“Oh my God, that’s him!” So Angela Colicheski exclaimed as the young subject of her custody battle with Sarita Lytell was brought into court. Both women knew that only one of them would be leaving the court in Florida with the youngster each had, at different times, nurtured and doted on. The judge looked on gravely as he realised that in deciding which desperate woman should win custody, he would have to exercise the wisdom of Solomon.
The custody clash was similar to many other previous cases except for the fact that it was about a 13-year old African Grey parrot.
For ten years, Colicheski had loved and cared for the parrot she called Tequila. Then, three years ago, he flew away over her garden fence. Colicheski ran frantically all over the district but could not find him. She was distraught and heart-broken. Three long years passed. Then one day Colicheski was sitting in a local Dunkin Donuts chatting to Lytell, whom she had just met, when they started to talk about parrots. Lytell said she had one called Lucky that she had found three years earlier. It quickly became clear that he was the one Colicheski had lost. Lytell refused to hand him over, having formed a bonded relationship with the bird.
The judge heard a lawyer for Lytell argue that as she had cared for the bird for three years it had become hers. Colicheski’s lawyer, however, argued that the parrot was a chattel (a piece of legal property) and must be returned. The judge agreed, saying that the parrot was treated, under state law, as personal property. “If the plaintiff had lost her automobile somehow along the way,” he asked rhetorically, “would it be any less her property when she found it?” He ruled that Tequila was the property of Colicheski as she was his original owner and carer for ten years.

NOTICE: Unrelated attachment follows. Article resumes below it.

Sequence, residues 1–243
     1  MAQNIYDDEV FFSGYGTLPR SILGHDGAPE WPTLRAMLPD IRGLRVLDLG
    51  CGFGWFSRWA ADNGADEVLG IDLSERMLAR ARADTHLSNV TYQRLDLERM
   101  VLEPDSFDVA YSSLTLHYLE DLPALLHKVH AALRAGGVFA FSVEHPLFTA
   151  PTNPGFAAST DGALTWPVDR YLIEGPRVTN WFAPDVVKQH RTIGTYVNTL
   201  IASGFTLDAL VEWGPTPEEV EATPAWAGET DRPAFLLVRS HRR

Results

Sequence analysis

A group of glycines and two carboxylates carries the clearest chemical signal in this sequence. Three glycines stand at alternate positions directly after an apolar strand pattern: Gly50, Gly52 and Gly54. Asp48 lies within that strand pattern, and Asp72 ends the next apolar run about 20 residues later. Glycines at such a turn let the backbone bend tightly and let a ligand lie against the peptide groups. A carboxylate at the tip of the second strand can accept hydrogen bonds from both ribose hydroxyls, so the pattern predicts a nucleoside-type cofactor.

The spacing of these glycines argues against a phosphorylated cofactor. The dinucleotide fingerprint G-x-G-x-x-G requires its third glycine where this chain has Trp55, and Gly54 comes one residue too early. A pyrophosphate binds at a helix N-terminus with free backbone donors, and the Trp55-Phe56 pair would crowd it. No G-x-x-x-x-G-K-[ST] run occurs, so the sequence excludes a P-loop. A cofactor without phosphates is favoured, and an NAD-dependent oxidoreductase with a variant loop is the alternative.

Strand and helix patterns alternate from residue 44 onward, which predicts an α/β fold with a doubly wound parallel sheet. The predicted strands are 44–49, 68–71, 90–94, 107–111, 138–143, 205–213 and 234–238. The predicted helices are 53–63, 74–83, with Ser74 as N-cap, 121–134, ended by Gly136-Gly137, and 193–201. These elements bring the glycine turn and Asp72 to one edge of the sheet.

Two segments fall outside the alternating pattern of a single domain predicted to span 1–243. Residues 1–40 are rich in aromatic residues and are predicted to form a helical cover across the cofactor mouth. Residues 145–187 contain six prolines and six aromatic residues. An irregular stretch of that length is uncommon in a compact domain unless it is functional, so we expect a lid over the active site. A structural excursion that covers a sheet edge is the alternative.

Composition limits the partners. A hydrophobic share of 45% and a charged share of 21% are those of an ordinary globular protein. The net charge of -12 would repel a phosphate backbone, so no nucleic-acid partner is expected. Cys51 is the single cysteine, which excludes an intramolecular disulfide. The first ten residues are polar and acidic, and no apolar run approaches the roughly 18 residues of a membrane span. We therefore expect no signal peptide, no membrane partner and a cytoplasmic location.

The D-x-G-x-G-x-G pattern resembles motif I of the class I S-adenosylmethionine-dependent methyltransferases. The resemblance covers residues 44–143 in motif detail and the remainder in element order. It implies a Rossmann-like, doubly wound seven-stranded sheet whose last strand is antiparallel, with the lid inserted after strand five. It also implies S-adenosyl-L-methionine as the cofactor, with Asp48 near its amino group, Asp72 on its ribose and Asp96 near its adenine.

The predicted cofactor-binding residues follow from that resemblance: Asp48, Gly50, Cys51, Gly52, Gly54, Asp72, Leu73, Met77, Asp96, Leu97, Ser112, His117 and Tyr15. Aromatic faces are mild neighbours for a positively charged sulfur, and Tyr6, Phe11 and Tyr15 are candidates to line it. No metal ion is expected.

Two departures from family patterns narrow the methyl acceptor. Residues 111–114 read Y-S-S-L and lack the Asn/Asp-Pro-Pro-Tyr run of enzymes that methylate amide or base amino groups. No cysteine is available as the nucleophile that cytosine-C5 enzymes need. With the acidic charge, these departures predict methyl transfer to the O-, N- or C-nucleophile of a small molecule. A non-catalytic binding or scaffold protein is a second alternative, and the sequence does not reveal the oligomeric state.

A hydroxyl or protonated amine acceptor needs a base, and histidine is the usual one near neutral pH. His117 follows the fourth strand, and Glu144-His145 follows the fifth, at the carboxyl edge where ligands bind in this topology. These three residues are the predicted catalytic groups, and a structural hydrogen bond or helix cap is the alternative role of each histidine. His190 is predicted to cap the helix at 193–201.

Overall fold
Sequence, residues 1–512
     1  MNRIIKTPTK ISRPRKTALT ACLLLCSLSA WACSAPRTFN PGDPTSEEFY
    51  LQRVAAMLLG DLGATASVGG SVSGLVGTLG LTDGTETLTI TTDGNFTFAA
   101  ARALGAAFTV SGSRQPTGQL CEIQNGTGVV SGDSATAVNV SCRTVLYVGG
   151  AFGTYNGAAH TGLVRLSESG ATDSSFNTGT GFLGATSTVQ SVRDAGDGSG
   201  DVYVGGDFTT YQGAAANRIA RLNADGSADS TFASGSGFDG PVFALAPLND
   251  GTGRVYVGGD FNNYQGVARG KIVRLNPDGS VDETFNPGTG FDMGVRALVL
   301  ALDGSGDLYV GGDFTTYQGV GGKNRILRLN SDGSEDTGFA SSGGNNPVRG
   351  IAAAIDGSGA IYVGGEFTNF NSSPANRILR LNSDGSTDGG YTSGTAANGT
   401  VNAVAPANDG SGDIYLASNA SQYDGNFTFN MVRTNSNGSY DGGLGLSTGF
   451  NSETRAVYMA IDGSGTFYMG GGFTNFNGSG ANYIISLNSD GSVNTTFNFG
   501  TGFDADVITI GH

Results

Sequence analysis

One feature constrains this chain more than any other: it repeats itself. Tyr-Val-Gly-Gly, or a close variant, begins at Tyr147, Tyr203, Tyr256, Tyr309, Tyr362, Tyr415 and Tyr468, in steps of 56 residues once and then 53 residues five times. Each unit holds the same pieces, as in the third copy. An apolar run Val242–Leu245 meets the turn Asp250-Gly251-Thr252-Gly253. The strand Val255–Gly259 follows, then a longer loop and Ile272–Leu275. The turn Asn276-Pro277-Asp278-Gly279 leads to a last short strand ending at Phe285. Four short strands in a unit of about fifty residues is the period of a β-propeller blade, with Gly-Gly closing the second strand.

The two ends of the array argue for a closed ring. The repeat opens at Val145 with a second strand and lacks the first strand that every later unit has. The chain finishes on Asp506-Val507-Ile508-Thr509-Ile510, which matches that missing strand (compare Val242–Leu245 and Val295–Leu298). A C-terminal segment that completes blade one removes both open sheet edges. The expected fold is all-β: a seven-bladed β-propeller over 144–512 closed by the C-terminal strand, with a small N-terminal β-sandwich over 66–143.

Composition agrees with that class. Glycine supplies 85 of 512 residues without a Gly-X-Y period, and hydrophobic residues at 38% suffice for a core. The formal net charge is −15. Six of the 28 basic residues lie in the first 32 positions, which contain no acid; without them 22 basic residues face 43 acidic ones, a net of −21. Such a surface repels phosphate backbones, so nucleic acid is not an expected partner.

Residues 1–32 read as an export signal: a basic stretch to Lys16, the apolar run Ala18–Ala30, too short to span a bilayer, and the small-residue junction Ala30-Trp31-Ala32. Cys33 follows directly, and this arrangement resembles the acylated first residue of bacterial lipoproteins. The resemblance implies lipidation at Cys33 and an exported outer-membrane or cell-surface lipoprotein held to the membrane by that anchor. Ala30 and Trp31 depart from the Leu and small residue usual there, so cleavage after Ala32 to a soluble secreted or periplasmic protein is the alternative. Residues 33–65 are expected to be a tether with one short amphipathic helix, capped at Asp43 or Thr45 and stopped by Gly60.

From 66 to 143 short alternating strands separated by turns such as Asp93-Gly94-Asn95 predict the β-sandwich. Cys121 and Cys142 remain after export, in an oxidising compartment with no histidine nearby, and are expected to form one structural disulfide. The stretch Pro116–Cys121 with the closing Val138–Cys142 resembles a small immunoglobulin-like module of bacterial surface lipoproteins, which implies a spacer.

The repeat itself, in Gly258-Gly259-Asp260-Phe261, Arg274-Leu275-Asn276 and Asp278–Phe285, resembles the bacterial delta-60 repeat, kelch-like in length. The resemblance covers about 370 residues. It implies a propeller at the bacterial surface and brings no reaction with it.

Tequila did not give sworn testimony but he did give squawk testimony. As soon as he was brought into court and saw his previous owner he emitted what witnesses said was a loud call of recognition.
This is not the first such dispute. In 2006 in Argentina, in litigation between Jorge Machado and Rio Vega, the court ruled that a parrot called Pepo, which each man claimed was his, should be imprisoned until it uttered the name of its owner. Five days later it squawked “Jorge” and sang the anthem of his favourite football team, San Lorenzo. The evidence of another parrot caused problems in Leeds in 2006. Chris Taylor discovered his partner Suzy was having an affair when his parrot, kept saying, in a perfect mimic of her voice, “I love you Gary”.